After discussing what will change in AOS project communication starting next year, here are some more technical shift of focus that are on the work.
Development Effort Priority: AOS Designer
I need to use AOS Designer (AOSD). I say this as an author not as a developer. What I mean is that I want to make some stories that I know are hard to do with current tools but should be easier with AOSD. I am not the only one and a lot of people have been waiting years for me to provide a first usable versions of it, even if it’s broken, just to help with the development effort.
Unfortunately, in the middle of developing the first AOSD version, I discovered several code architecture problems that made me rewrite everything once – which was to be expected as I never did write this kind of editor before. Then I hit a point where I really needed to have AOSL stabilized to be able to exploit it correctly. At this time, the development effort shifted back at stabilizing AOSL. Once done, I had to make sure AOSL was interpretable by tools, some kind of working proof-of-concept, which meant I had to write a player implementation, resulting in the work done on AOS Web Player version 0.1.
Now that these basics constructs are finally ready, I can focus on AOS Designer. It really needs tons of love so it will be my priority and I already started working on it.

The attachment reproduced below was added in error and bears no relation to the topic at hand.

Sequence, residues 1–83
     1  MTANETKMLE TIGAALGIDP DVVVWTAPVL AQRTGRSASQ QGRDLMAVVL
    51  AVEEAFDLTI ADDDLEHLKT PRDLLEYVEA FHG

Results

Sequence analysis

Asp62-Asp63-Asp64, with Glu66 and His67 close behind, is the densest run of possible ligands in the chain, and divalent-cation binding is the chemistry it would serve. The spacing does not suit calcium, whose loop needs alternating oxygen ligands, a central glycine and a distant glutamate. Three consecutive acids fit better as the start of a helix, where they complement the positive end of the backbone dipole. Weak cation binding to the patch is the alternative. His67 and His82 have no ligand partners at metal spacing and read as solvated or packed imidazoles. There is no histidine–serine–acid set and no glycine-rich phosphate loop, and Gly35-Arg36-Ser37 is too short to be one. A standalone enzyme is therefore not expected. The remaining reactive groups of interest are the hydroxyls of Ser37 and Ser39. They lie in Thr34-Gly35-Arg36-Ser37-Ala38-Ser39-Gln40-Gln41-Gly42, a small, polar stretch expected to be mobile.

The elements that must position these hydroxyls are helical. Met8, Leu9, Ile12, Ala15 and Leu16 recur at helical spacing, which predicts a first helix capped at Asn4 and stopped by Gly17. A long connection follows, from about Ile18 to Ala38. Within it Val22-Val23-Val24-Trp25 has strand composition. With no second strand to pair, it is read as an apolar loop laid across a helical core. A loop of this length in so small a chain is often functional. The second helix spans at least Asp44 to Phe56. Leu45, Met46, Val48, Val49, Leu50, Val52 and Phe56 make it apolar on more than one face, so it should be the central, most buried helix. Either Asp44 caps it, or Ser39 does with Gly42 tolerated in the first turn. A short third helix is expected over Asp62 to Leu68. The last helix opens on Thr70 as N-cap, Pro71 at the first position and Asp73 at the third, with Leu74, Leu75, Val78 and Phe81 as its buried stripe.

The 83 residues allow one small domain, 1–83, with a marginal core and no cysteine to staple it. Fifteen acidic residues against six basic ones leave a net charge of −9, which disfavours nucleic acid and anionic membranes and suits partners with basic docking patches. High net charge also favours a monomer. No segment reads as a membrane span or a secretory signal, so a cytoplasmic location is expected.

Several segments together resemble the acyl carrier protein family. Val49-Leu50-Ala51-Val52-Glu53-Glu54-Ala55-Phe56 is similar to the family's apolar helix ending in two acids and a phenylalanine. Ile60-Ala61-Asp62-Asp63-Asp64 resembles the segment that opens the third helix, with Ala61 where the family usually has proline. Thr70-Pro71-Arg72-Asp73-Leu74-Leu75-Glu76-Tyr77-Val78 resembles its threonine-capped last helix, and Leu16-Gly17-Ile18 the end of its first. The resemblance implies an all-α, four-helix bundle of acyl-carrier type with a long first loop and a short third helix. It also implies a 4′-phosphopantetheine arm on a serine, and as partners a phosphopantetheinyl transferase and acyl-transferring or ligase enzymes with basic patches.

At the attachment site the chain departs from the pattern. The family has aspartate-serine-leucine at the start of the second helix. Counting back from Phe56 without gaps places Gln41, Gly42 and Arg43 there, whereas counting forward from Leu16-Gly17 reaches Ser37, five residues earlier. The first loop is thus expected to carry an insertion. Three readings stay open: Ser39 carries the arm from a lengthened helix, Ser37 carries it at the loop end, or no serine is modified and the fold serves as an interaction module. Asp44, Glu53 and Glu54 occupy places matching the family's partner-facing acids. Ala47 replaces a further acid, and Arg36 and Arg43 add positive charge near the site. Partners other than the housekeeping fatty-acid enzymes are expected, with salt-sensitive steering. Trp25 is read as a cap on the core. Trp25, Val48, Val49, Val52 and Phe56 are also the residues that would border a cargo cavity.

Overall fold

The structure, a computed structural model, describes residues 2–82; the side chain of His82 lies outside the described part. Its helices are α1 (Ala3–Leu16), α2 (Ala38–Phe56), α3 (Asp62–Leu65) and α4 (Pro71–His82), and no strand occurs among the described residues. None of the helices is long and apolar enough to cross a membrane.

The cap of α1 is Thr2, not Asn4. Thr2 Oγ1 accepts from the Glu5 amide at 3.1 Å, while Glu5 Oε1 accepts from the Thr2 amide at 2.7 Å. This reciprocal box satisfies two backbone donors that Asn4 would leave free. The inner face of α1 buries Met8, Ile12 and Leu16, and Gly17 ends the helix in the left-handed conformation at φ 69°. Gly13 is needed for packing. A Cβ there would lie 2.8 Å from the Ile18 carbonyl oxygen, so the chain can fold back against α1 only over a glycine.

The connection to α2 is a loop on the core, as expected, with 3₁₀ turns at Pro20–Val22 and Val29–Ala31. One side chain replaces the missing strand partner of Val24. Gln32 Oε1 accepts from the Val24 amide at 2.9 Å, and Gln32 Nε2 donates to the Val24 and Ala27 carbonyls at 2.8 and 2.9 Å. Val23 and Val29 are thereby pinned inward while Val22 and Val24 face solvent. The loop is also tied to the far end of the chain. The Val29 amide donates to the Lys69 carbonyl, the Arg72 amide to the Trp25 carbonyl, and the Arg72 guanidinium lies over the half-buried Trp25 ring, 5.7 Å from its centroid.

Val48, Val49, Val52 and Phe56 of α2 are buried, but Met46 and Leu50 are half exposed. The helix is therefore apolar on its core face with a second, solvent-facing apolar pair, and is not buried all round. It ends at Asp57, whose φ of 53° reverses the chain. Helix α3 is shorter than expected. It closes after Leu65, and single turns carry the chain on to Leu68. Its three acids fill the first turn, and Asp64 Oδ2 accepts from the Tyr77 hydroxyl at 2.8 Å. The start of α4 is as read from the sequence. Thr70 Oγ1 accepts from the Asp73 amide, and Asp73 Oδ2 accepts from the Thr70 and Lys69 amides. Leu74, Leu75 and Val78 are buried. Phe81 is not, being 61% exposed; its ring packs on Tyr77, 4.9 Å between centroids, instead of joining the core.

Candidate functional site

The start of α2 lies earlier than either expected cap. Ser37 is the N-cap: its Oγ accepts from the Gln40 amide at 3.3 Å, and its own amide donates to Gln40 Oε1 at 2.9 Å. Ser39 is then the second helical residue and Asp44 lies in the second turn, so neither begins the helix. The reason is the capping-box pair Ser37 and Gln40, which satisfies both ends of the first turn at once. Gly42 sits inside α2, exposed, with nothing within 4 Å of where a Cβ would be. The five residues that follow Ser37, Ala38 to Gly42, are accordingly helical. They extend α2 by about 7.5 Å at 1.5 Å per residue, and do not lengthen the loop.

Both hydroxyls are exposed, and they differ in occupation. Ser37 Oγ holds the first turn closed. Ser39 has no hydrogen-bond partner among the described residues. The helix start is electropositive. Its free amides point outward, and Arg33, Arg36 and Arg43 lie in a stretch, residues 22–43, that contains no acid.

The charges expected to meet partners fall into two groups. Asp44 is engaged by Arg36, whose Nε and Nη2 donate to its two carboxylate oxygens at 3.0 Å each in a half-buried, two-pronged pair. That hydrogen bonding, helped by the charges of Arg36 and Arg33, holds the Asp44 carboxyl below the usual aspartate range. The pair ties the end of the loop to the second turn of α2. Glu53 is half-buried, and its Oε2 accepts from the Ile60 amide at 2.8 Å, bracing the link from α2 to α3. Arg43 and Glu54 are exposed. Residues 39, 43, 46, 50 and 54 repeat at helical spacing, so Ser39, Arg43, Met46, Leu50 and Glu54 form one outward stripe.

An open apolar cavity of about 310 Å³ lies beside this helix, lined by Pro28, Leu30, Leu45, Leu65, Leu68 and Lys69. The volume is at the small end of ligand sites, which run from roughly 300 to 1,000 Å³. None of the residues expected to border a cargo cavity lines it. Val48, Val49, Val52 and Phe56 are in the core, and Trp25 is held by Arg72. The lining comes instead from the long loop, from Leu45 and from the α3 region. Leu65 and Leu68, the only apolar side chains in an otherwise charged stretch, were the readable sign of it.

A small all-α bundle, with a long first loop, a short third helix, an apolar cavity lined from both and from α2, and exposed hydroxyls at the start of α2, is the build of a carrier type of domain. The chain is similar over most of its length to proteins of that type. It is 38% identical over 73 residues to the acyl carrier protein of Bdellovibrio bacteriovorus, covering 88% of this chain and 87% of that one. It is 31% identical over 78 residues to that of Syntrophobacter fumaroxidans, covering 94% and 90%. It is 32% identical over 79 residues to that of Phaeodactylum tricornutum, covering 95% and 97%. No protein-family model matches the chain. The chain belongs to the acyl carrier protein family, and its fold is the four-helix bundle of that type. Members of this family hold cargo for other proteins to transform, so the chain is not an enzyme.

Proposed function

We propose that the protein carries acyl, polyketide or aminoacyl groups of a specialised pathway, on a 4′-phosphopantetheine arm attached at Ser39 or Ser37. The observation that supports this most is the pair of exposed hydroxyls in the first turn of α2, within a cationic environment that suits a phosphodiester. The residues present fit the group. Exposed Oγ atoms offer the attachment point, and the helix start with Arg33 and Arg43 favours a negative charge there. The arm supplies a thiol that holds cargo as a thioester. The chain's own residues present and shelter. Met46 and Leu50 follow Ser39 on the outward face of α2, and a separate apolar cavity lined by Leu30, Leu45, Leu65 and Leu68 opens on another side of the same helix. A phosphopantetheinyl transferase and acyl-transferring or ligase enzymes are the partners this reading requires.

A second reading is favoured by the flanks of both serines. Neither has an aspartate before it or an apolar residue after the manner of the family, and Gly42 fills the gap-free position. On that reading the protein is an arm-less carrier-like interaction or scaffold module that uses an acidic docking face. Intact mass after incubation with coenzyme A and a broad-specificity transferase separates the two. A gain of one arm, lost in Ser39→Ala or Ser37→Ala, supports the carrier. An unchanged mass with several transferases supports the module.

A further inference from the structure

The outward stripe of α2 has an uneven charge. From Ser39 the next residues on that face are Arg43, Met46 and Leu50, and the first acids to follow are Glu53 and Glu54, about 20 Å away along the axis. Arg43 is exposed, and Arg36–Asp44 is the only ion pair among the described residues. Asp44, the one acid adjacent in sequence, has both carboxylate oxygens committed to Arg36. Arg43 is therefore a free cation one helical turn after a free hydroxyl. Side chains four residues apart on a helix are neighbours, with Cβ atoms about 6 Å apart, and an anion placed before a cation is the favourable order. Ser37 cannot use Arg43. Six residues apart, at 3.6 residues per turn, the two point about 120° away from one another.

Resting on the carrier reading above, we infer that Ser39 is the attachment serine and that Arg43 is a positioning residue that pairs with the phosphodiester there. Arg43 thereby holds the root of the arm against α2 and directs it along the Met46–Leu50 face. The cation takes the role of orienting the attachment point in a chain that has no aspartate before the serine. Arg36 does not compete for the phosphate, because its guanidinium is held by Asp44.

AOS Designer relies on Qt for the GUI parts -the other parts are supposed to be totally independent, even if it’s not yet totally the case in the current code. Qt had a major release this month, Qt5, which I already began to migrate AOSD code to, as you can see in this repository. One of the reasons to use Qt5 is that it solves some problems I have been hitting in developing AOSD. I also will consider making all the interfaces in QML / QtQuick to help UI designer contribute to the project. I’m not sure yet if it is the right approach for this project but I’ll have to play with it enough to get enough experience to know, or rely on a contributor’s Qt experience in the future if someone feels like helping.
In the beginning of this year I started a discussion in the developer forum to review the features that I feel are needed to make AOSL more useful, as an inter-operable format to represent digital story-telling . Among the important features, text object support, localization (which can currently be done with the “layer” system, but is not perfect for the job yet) and standardized effects would be the most important ones.
As the effort will focus on AOSD as a priority, enhancing AOSL will take some time but can be done in a parallel effort. The first step is to decide which features will get in, how it will be represented and update documentation (more on that in the following section). However, once this is done, an updated version of AOS WebPlayer should be implemented as a proof of concept OR an updated version of AOS Designer OR both if we want to be complete. Any way, this work is necessary to make all the tools very useful but as I can’t clone myself (yet) to work on several projects at the same time, it will go slowly. Fortunately, the first AOSD and AOSWP versions can still rely on AOSL 1.0 while we figure out what AOSL 1.1 will be.